Wednesday, September 09, 2009

Historical accuracy

Yesterday I came to a stopping point where I had to consult the historian, my mother. My protagonist must rescue her brother from prison. I didn't know she needed to rescue her brother until just a couple of days ago, so this is a completely unexpected turn of events for us all.

This morning I sat down with my water and my music and with pants on, I began to stare at my computer. And that's when I realized that I have no idea what a prison in this era would look like.

So I call my mom, who is a history teacher with a specialization in this particular historical era. She also does not watch movies very often. So here is an excerpt from our conversation:

ME: How would you break someone out of that kind of prison?
MOM: It's not very well guarded. He could just attack some guards. Or dig a tunnel.
ME: No, I need someone else to break him out.
MOM: But he could easily just dig a tunnel. Or attack some of the guards.
ME: But he doesn't. He gets rescued.
MOM: I suppose someone could pretend to be bringing him food and then sneak him out. It would be pretty easy.
ME: No I need my protagonist to kick ass breaking him out.
MOM: He wouldn't really need to. The guards would be old. He'd really just be able to dig a tunnel or attack some of the guards.

She's adorable.

Anyhow, she gave me some great information too. It turns out that my male protagonist that I made up in my head is exactly like a real person who lived in this place at this time, and the real person did cooler stuff than what I was going to make him do. So I just used that handy name change feature on Movie Magic and bam! Historical accuracy here we come.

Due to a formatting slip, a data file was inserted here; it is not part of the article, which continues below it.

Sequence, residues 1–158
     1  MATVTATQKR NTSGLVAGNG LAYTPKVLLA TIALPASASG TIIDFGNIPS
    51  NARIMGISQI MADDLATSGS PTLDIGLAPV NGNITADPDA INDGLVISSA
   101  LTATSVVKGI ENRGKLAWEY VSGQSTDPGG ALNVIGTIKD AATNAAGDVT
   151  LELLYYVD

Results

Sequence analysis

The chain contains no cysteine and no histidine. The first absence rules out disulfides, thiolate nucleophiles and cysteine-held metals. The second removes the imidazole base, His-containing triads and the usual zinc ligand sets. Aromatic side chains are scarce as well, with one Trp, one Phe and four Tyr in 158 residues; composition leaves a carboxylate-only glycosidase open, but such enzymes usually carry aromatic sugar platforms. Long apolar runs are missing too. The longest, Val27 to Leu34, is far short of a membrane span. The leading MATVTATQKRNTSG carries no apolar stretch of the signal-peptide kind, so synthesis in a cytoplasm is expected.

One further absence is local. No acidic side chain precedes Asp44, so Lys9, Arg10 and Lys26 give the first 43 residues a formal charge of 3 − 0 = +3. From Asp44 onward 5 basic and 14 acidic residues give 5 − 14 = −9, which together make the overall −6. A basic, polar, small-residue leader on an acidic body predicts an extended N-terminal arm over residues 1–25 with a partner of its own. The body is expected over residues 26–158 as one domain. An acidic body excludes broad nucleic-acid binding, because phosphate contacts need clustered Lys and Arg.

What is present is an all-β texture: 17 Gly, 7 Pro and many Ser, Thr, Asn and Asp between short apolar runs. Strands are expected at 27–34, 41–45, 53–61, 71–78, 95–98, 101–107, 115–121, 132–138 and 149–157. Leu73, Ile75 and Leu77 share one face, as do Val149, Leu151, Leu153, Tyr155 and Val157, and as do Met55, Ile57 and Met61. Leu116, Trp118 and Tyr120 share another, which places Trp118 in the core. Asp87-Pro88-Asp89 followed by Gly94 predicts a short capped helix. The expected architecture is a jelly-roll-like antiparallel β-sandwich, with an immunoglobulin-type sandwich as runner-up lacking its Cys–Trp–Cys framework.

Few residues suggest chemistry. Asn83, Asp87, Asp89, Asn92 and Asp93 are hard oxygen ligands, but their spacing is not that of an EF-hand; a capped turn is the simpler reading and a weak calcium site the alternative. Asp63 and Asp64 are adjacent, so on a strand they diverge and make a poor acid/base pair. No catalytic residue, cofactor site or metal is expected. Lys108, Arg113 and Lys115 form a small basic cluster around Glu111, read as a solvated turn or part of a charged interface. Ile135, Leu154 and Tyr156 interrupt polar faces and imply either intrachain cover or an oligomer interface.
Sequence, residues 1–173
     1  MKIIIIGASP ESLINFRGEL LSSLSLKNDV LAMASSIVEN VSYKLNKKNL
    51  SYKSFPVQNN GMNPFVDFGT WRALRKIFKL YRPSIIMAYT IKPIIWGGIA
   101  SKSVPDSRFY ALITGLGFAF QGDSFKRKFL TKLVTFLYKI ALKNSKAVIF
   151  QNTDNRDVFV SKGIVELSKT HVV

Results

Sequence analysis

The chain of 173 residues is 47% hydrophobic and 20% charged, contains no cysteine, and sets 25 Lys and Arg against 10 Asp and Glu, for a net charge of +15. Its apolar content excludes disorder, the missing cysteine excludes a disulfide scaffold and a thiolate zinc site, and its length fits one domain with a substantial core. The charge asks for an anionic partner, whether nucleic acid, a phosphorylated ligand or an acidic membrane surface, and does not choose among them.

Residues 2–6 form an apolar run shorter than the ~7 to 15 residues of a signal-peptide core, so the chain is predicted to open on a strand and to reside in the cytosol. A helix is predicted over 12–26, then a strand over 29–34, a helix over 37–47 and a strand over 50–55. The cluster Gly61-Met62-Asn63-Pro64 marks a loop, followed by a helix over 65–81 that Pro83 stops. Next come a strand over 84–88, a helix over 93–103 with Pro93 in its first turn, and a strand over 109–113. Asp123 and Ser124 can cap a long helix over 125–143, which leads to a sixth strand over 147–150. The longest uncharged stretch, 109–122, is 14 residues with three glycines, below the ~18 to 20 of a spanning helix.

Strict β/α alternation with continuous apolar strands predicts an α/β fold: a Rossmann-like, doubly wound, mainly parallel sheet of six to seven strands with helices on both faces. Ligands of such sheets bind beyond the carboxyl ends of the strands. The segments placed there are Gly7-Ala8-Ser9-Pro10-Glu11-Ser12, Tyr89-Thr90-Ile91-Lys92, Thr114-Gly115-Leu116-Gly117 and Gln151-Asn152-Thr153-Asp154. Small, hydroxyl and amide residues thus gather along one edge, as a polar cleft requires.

When it comes to historical fiction I prefer my stories realistic. I don't like it when a story just doesn't fit the facts, so as long as a story is plausible I'm okay, but I hate it when a story is impossible. I want to get as much right here as I can and still have a story about an ass-kicking lady ninja. Kind of like those old stories where the author opened with OMG this is so fucking true you'll be like no way! but way!

The story is completely not true, but for a second you think it is because the author was so adamant about it.

So I spent yesterday going back through my pages so far changing things to fit my new information, which unfortunately ended me with the exact same page count even though I did lots of work. I still have a few more pages to adjust before I can move forward, too, so it will be another day maybe before I can get to page 60.

That means I'll probably have to wait until Thursday to see 9, since that was my reward for getting to page 60. But I've been able to flesh out my story with many more historical details. That had been bothering me for a while, that it felt like only eight people lived in this town. After talking to my mom, I was able to add in a whole cast of extras.

Thanks, Mom.


  1. Your mom rocks, btw.

  2. I think so too, James.

  3. I agree that when you do your job, it seems REAL!! I had a ProdCo - which conveniently shuttered - say exactly that while giving ME a recommend.

    Well the statement was "I hope that wasn't a true story."

    I make everything up. For that one I had to research a whole college major, date rape drugs, private companies boards of directors, etc.

    That's why I always put in two weeks for research.

  4. Can the protagonist also wear a suit made of aluminum foil?

  5. Even Jesus wore aluminum foil, everybody knows that.


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